In an email to supporters, John Podesta, Hillary Clinton’s campaign chairman and founder of the pro-Clinton Center for American Progress, warned Republicans were out-fundraising the former secretary of state.
Podesta also declared the campaign to be under “a ferocious onslaught of dark money” from Republicans, but that Hillary is funded by grassroots Americans who’ve “chipped in $1, $5, or $10.” An examination of the facts shows something different.
The email, under the subject line: “A ferocious onslaught of dark money,” says, “Republicans are out-raising us 4 to 1. If we win the Democratic nomination for president and this pace keeps up, we are in for a ferocious onslaught of dark money, regardless of who the nominee is on the other side.” But what does that “4 to 1” margin mean?
The Clinton campaign took in $46.7 million in its first quarter of existence, no small sum. Even NBC News called it a “Huge Fundraising Haul.” The next highest total for a campaign was another Democrat, Vermont Sen. Bernie Sanders raised $15 million. Sen. Marco Rubio came in third with $12 million. So where does the “4 to 1” come from? Turns out it’s creative math.
The Clinton campaign combined the totals each of the current top-tier Republican campaign raised, $53 million, with the money raised by Super PACs associated with them, $203 million, for a total of $256 million for the GOP. Clinton’s super PACs raised $24.3 million. If you add that to her total, as she does with the GOP, her total is $71 million. That’s roughly 3 to 1, not 4 to 1, but it’s still a false number.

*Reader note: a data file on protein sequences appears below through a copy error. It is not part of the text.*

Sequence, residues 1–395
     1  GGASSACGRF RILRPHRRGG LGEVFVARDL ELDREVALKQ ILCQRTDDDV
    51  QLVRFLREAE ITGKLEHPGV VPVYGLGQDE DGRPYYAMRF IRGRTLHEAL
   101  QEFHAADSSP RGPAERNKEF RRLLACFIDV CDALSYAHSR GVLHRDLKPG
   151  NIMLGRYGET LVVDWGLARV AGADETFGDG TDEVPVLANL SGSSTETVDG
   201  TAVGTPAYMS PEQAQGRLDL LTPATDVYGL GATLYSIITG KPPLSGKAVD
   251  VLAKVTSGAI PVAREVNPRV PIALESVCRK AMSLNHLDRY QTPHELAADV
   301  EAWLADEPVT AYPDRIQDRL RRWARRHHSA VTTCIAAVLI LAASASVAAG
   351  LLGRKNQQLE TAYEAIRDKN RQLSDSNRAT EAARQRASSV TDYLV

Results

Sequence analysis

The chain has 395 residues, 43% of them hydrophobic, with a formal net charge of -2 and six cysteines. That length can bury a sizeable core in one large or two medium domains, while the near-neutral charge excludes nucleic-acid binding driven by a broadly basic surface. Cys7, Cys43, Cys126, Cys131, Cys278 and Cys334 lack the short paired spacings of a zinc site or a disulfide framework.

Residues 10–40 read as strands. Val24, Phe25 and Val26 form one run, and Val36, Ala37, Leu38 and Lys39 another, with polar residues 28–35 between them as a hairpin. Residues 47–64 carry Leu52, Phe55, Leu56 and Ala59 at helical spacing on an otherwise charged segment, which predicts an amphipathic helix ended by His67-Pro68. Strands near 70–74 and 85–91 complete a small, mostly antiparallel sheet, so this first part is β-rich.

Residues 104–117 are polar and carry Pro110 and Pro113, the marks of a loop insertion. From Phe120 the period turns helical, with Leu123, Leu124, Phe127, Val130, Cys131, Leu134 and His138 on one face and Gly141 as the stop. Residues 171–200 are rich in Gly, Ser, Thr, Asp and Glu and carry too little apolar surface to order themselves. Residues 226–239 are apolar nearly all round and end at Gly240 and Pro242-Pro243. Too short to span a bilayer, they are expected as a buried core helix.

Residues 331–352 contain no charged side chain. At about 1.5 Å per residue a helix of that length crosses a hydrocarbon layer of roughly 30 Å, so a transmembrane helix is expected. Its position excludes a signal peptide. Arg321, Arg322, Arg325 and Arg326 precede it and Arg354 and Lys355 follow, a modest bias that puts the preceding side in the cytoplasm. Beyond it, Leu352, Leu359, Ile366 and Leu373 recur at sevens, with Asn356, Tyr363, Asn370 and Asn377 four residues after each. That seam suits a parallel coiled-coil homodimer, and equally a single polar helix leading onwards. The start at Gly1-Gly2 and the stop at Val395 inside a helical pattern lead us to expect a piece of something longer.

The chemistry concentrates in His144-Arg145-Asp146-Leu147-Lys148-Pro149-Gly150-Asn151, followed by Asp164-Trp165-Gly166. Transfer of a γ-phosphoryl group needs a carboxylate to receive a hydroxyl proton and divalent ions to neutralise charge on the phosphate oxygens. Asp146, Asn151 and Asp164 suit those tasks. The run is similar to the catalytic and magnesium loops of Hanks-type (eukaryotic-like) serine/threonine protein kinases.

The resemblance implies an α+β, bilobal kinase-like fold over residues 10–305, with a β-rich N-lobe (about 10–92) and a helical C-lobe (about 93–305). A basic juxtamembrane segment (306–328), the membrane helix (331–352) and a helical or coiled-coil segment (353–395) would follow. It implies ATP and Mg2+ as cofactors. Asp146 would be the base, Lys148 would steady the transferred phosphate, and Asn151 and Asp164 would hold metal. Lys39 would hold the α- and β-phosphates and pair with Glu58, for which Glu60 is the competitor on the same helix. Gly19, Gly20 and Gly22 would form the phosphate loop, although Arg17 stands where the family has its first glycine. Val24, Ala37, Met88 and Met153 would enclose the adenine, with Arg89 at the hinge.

The Clinton camp combines all the money raised by GOP candidates, but ignores the money raised by Sanders.
If you add in the money Sanders raised, the Democrats’ total increases to $86 million, closer to 2.5 to one. But Clinton’s team created a false equivalence — one against all. Clinton’s campaign, by itself, has raised more than the top four GOP candidates combined — $46 million to $43 million.
The Clinton email also attempts to give the impression of a grassroots movement. It reads, in part:
We’re running a different kind of race. More than 250,000 people have chipped in $1, $5, or $10 because they care enough about this election to have a financial stake in it.
The wording is a deliberate attempt to mislead the reader into thinking the Clinton campaign is funded by small dollar donors, average Americans simply “chipping in” what they can. But again, math tells a different story.
If each of Clinton’s 250,000 donors “chipped in” all the low dollar amounts listed in the email — $1, $5, $10, for a total of $16 each — that would total $4 million. That leaves $42 million unaccounted for.
The Washington Post reports only 17 percent of Clinton’s haul, or $7 million, came from donations of $200 or less, which leaves $39 million from high dollar donors. Not exactly the grassroots “different kind of campaign” Podesta is telling supporters.
Add further fudging to the numbers, the New York Post reported the Clinton campaign made concerted effort to attract $1 donations from as many people as possible to dilute the high dollar donor numbers.